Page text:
Navy to Create New Wetlands at Point

Richard Bangert    Cranes and shipping containers at the Port of Oakland across the estuary provide a backdrop for the concrete storage bunker at Alameda Point. In the foreground is a seasonal wetland that will be excavated to a depth of three feet and the soil re-used as a foundation layer next to the bunker and elsewhere on site.

The Navy is nearing completion of plans for a cleanup area called Site 32, 60 acres that lie on the old airfield west of the Alameda Point Antiques Faire. The site requires remediation because investigators uncovered radium-226 there. The Navy mixed radium-226, a naturally occurring mineral, with paint to allow dials and markers to glow in the dark. Repeated exposure to high levels of radium can cause cancer. 

The Navy collected radium-impacted waste, such as used paint brushes from refurbishing dials and gauges, scraping solids and rags, from its dial painting shop on a regular basis and discarded them at the Site 1 underground dump adjacent to Site 32. The Navy presumes that the radium-impacted items were spread beyond the dump site when it expanded the runway there in the 1950s. 

The plan calls for re-engineering existing wetlands and expanding them by covering the entire site with three feet of clean soil. The Navy will demolish several buildings on the site, but keep the massive 5,000-square-foot concrete bunker in place. Rather than removing it, the Navy will cover the bunker with soil and plants. This will enhance the watershed for the two wetlands. The Navy will also expand the existing 10 acres of wetland to 15 acres and double the size of the current watershed. The Navy will plant native grasses and shrubs throughout Site 32’s 60 acres.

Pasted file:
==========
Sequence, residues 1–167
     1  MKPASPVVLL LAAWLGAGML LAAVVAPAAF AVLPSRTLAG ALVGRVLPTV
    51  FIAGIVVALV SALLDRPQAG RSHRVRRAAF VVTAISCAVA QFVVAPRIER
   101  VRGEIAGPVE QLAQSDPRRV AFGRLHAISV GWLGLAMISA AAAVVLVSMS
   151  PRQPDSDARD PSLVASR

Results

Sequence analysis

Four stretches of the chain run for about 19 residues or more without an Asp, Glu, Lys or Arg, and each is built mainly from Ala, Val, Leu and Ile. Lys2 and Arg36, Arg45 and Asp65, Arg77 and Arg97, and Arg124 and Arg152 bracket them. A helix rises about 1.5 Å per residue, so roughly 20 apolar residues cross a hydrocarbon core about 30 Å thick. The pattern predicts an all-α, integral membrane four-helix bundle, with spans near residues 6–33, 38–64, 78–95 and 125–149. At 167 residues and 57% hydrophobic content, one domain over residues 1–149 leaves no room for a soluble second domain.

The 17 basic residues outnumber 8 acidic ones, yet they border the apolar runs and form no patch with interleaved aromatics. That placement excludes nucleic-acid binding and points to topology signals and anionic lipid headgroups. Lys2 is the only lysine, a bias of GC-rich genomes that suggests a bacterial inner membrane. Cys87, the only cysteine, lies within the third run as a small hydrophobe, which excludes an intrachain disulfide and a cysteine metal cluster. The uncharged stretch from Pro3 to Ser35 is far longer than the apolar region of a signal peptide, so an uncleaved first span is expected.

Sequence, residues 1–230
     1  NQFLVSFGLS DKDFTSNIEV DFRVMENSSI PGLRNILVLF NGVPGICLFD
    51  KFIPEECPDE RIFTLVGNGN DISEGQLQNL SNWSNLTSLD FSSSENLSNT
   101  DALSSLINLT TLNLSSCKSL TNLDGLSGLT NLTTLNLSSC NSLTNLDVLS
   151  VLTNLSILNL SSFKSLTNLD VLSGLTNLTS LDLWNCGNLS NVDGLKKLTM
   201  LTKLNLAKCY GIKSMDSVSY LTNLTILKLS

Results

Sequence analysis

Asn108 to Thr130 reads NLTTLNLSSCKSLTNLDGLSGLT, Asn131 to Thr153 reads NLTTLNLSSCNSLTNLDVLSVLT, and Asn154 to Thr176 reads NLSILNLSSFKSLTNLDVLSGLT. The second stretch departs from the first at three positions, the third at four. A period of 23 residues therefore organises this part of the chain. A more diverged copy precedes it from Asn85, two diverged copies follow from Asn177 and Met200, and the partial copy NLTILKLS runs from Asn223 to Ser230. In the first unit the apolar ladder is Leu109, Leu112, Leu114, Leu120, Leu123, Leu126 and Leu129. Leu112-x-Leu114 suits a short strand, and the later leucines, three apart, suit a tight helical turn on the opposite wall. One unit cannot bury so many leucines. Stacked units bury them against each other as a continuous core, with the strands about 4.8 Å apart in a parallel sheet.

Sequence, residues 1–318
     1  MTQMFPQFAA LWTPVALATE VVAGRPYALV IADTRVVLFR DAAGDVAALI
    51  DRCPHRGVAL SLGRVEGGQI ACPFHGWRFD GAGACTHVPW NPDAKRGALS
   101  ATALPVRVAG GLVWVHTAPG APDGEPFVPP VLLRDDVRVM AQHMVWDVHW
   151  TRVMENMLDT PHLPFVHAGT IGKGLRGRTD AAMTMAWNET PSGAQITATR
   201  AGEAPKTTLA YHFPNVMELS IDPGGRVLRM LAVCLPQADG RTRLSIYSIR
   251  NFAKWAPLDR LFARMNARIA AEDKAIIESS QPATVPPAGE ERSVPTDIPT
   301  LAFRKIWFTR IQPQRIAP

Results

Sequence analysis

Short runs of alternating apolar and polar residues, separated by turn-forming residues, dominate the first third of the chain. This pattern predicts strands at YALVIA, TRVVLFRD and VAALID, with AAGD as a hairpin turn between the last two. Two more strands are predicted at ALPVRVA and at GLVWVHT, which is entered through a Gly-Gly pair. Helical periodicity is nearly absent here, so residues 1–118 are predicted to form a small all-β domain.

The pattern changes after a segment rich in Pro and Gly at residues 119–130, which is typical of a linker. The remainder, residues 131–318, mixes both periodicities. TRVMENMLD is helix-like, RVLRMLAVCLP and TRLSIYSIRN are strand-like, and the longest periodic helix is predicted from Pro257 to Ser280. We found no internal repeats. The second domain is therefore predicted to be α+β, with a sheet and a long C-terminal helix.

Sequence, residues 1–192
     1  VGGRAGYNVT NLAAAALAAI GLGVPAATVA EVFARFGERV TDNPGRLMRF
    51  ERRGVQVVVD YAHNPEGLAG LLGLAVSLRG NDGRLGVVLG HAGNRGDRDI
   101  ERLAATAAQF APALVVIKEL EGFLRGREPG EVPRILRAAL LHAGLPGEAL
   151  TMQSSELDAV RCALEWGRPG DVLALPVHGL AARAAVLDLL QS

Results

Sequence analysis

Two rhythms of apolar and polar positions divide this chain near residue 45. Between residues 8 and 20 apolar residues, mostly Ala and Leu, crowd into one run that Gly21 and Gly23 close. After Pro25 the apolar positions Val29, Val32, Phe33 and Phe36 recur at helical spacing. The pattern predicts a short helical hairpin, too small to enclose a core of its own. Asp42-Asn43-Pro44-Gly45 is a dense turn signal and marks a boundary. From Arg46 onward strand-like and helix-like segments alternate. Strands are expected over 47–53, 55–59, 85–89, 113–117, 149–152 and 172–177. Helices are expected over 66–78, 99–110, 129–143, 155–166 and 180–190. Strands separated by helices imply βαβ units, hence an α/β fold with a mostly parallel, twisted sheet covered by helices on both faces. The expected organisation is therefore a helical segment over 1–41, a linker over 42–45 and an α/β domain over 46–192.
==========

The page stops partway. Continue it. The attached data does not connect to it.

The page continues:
In order to ensure that the seeds will sprout and thrive, the contractor is planning to install a temporary irrigation system. Seeded soil covers at two other remediation sites on the old airfield have struggled due to drought and unreliable rainfall, requiring re-seeding in both cases. On this project, the contractor is responsible for the success of the vegetation for 18 months, according to Cecily Sabedra, environmental coordinator for the Navy. 

With all the bad news about radioactive cleanup at Hunters Point Naval Shipyard in San Francisco, it may be reassuring to know how the Navy and its contractors conducted the cleanup process at Sites 1 and 32. Rather than minimizing health threats and falsifying data, as reported about Hunters Point, the two decades of radiological investigations at these Alameda Point sites were exhaustive. Testing was conducted by multiple contractors, including TetraTech whose findings were validated by a completely different contractor, which led to expanding the remediation area. 

Originally, the thinking was that contamination was only at the dump site. But when soil sampling and scanning revealed a few radioactive hotspots at the perimeter of the dump, a new scanning plan was implemented covering 75 acres of adjacent open land. After analyzing 283,000 scanning measurements and dozens of soil samples, the Navy and regulators determined that 60 acres needed remediation.

An example of the radioactive items discovered during scanning — discrete artifacts as they are called — turned out to be glass vials that were used to transport radium paint ingredients to the paint shop. Once the vials were emptied but not thoroughly cleaned, they would have been discarded at the Site 1 dump. 

Work at Site 32 will begin in January and be completed by the end of 2019. This will be the Navy’s third wetland expansion and enhancement at Alameda Point. The site is part of the 158-acre area along the Oakland harbor proposed for a regional park.

At the Thursday, Jan 10, Restoration Advisory Board meeting, the Navy will be making presentations on recent cleanup milestones and plans for 2019. There will also be a special presentation on the petroleum cleanup program. The meeting begins at 6:30 p.m. on the second floor of City Hall West, 950 W. Mall Square. The public is invited.

Richard Bangert posts photos and stories about Alameda Point on his blog at alamedapointenviro.com.